Hong Kong’s Sunbeam Theatre. Photo by William Li.
The curtain is falling on Hong Kong’s last dedicated Cantonese opera theatre which will fade into history after its final show this week:
The 1,000-seat Sunbeam Theatre has been synonymous with the operatic heritage of China’s southern Cantonese-speaking minority for 40 years since it opened in 1972.
It has earned landmark status on Hong Kong’s art scene, standing in stoic defiance of the former British colony’s transformation into a flashy, ultra-modern hub of finance and banking.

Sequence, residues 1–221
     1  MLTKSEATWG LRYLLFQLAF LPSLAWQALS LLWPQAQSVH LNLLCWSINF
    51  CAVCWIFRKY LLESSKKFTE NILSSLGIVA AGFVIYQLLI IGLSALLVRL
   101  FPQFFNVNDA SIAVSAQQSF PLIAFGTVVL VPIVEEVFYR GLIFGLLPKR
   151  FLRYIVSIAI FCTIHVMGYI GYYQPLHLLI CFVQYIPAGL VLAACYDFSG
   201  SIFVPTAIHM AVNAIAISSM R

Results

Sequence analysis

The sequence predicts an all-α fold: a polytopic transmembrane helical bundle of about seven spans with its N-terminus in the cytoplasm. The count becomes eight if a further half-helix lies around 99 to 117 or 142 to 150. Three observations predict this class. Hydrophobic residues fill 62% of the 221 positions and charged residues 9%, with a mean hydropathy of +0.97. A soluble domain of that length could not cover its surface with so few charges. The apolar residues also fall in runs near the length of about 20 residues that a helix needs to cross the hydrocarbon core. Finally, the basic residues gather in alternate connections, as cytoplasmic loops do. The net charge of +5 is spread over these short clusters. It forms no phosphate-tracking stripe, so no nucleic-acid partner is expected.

But after years fending off Hong Kong’s all-powerful property developers, the curtain will come down for the final time on Sunday when the Sunbeam stages its last, sell-out performance.
Opera star and playwright Yuen Siu-fai, 66, says the Sunbeam’s fate typifies the loss of Hong Kong’s cultural heritage to the pursuit of profit.
“This is a huge blow for Cantonese opera,” he says.
“We are losing a cultural landmark, we are losing our main theatre. Where do we go? This is another great example of how we don’t preserve our historical buildings.”